Anthologies are common in the horror movie genre, probably more so than any other genre. From ‘Creepshow’ to ‘The ABC’s of Death’, there is a long cinematic history or telling scary stories this way. ‘Ghost Stories’ premiered at SXSW this week and adds to that legacy. The new film by Andy Nyman & Jeremy Dyson was shown as part of the “Midnighters” slate of films in Austin. This is actually a self-adaptation of Nyman & Dyson’s play that had a famous run in the West End of London in the early 2010’s. It’s an anthology film with great setups and unrelenting and horrifying scares. Moreso though, it’s a film about supernatural stories we’ve all heard and experiences we’ve all had, and it’s frighteningly good.
The film is about Professor Phillip Goodman (Played by co-director Andy Nyman). He spends his days attempting to debunk supernatural stories and any notion that there’s more to human existence than the here and now. He receives a call from a personal hero and inspiration for his own skepticism. Upon visiting the old man he receives 3 cases that have proved to the older former skeptic that the supernatural does indeed exist. Each case provides us with an accompanying short film segment. The first concerns a night watchman played by Nicholas Burns (The Crown, Nathan Barley). The second is about a Teenager played by Alex Lawther (The End of the F**cking World). And the final case involves Martin Freeman (The Hobbit, Black Panther). I won’t go into any more details of the plot because to discuss them would be to take away from the experience and this is movie best experienced completely cold.
To be clear, the film works incredibly well as a piece of conventional horror. Or supernatural horror. Or meta horror. ‘Ghost Stories’ lends itself to be viewed through whatever prism you choose. The most interesting thing it does is it keeps Professor Goodman’s story central to the film. Too often in anthologies, the framing story feels like something that exists purely to serve a connecting tissue. Not so with ‘Ghost Stories’. You’ll be just as invested and frightened by what’s going on his life as we are any of the three case studies. Another thing the film did so well was refusing to let up in its scariest moments. Whereas most modern horror movies feel mostly safe with punctuated moments of terror, ‘Ghost Stories’ inverts that feeling for me. I never knew when the light at the end of the tunnel of dread would be coming, but I knew the light wouldn’t last long.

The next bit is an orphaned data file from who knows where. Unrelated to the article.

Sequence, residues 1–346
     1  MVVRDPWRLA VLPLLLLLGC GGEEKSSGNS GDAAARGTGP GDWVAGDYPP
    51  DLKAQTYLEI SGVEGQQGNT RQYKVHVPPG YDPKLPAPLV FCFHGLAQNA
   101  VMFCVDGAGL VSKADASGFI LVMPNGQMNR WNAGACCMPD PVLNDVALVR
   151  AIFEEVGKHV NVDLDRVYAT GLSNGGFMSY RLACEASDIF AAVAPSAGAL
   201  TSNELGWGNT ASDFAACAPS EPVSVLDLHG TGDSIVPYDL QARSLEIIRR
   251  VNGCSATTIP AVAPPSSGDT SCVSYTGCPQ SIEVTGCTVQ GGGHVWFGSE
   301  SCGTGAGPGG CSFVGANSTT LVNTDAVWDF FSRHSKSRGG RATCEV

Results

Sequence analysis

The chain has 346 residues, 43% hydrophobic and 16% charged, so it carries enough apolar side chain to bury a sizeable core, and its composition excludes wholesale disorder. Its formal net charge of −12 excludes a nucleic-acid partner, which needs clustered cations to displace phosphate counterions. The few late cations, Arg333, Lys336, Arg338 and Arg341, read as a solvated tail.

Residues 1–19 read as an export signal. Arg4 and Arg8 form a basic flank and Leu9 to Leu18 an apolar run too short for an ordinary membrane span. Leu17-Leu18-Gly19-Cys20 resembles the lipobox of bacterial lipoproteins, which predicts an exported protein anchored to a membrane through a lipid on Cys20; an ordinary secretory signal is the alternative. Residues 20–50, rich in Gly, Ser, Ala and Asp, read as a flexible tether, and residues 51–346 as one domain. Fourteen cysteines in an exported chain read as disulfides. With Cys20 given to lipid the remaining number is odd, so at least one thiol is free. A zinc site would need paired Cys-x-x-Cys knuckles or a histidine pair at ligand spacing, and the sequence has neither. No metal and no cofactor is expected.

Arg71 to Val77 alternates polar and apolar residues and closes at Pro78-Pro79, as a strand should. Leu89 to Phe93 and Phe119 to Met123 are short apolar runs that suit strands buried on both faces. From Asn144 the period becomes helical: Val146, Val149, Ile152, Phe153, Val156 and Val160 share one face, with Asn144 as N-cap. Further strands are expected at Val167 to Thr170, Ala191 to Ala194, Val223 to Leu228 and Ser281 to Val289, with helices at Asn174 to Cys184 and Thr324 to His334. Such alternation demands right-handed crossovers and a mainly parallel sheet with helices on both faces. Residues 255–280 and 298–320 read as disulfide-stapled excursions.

The performances are also all incredibly real and well done. Every actor is giving this film full effort and that’s much appreciated in a horror movie. Lawther in particular stood out for me. He conveys a very typical fear that young men often have, and what would happen if supernatural forces intervened. They would completely overwhelm those fears and he does a perfect job of capturing that. The stories also make a great and unique use of humor. Laughs don’t come from conventional jokes, more so from the uncomfortable feeling you get before fear sets in. You laugh in this movie to hold off the feeling of being scared just a little while longer. There’s a particular moment with Martin Freeman calling out into the dark that got a good nervous chuckle from me.
I did a have a couple issues with the opening 10 minutes of the film. A few performances and moment felt false and didn’t quite gel I felt. However, all of those moments were made understandable by the last fifteen minutes of the film. I don’t intend to be annoyingly vague, but this film ends with one of the strangest and possibly most brilliant moments I saw at the whole festival. It’s been a few days since I’ve seen it and I still cannot stop thinking about it. All I can say is ‘Ghost Stories‘ absolutely goes for it and I loved it for doing so. This is going to be a movie that horror fans will be talking about all year.
‘Ghost Stories‘ was a movie I barely made it to and i’m so glad I did. I would have been kicking myself until it comes out later this year knowing I’d missed out on an opportunity to see a great entry in the anthology genre. It’s being released by the IFC Midnight label in America so it could be more likely to be available on VOD in your area. But I would encourage everyone to seek this out in a theater and a full theater. Being surrounded by hundreds of people at 1:30am and feeling the room collectively sink in our seats and grow more tense was one of my highlights at the movies this year.